Solomon used the word, “as” frequently in each of his books, not just in the Song of Solomon.  In Proverbs 16:27, he wrote, “An ungodly man diggeth up evil: and in his lips there is AS a burning fire.”  Overlooking that little word, “as” could lead someone to falsely assume that Solomon was describing a person who smokes cigarettes, cigars or pipes.

Why point out such a small word in a set of big statements in Proverbs 4:17-18?

Because the use of the word, “AS” ultimately defines what it exactly is that Solomon is saying.  Without the word, “as” in each of these verses, it would be easy to conclude that the path of the just is a visibly bright path while the way of the wicked is a visibly dark path.  Without taking the word, “as” into account when interpreting these verses, it would be natural to conclude that one can choose their path in life based on the outside appearance of these paths.  In other words, if the people and circumstances at one optional path in life seem dark, then it must be the wicked way while if the people and circumstances at another optional path in life appears bright, then it must be the right way.  This is not at all what the Bible is teaching because the wrong path in life isn’t always dark and the right path in life isn’t always bright.  Paul the Apostle told the Corinthians that Satan, the Doctor of Darkness, can transform himself “into an angel of LIGHT(2 Corinthians 11:14).  In other words, the gatekeeper of the wicked way can make that way look bright and light.  On the flip side, David, the Sweet Psalmist of Israel spoke intimately in the Psalms about being in “darkness” and walking in the “valley of the SHADOW of death” (Psalm 18:28; 23:4).  In other words, the right path doesn’t always look bright from the outside.

By using the word, “as” in each of these verses, Solomon is teaching us that the two opposing paths in life are vastly different in what can be seen on those paths, not necessarily in how those paths are seen.  Although at times the wrong path in life may look bright from the outside, it is a dark path that makes it impossible to see what’s wrong amidst life’s biggest obstacles.  On the contrary, although at times the right path in life may look dark from the outside, it is a bright path that offers insight into life’s greatest challenges.  Those who travel the way of the wicked don’t succeed because they can’t even see what they’re stumbling over.  Those who travel the path of the just succeed because they gain increased insight about themselves, others, God and life the longer they stay on that path.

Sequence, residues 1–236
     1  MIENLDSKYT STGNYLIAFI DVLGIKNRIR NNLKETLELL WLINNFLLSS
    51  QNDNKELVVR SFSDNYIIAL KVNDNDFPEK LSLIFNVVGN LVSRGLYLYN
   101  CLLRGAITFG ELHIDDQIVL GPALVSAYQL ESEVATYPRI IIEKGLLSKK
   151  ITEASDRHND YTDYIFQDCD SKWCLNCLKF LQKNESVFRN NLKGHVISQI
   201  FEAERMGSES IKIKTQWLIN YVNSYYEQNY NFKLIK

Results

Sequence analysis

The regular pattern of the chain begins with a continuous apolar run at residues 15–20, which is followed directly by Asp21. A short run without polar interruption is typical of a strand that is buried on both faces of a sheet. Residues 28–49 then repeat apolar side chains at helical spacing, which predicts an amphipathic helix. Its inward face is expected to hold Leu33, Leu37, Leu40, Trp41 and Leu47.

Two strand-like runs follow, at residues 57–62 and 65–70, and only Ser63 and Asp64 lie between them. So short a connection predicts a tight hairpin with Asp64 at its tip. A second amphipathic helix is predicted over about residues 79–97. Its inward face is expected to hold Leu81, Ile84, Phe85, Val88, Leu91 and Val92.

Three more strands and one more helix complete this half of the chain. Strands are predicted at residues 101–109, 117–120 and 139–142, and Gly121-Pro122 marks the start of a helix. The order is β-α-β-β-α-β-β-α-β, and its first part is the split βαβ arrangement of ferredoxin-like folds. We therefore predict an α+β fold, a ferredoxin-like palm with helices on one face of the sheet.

Choosing the path of the just is like choosing to assemble a 1000-piece jigsaw puzzle with bright lights all around you.  Choosing the way of the wicked however, is like choosing to assemble that same puzzle in the dark.  Life offers everyone the relatively same set of challenges.  The path of the just offers light – increasing light – to solve those problems.  The way of the wicked offers no light to solve those same problems.

In a passage that starts with heeding parental counsel, it is understandable that a young man would fail to see the light and excitement of choosing the path that an older, wiser parent suggests.  Young men and women often see the wise ways of their parents as gloomy, boring and plagued with darkness.  When these same young people look at the alternative in the world, they see bright lights, activity and excitement.  In such a case, the right path looks dark and the wrong path looks bright when in reality, the wrong path is a spiritually dark one while the right path is a spiritually bright one.  Young person, choose justice and righteousness whether it looks bright and exciting or not.  When you choose justice and wisdom, you will choose a path that will offer you light and insight that will then grow in intensity with each day you live.  It is only on this path that people truly succeed.